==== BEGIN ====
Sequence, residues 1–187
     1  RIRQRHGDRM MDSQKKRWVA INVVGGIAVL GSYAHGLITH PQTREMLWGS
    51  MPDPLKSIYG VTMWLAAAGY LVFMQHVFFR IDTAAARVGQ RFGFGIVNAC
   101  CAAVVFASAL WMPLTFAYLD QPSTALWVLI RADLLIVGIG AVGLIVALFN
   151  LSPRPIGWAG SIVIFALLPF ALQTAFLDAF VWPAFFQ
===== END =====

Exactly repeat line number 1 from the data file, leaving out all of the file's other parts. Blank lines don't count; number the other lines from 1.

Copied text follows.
Sequence, residues 1–187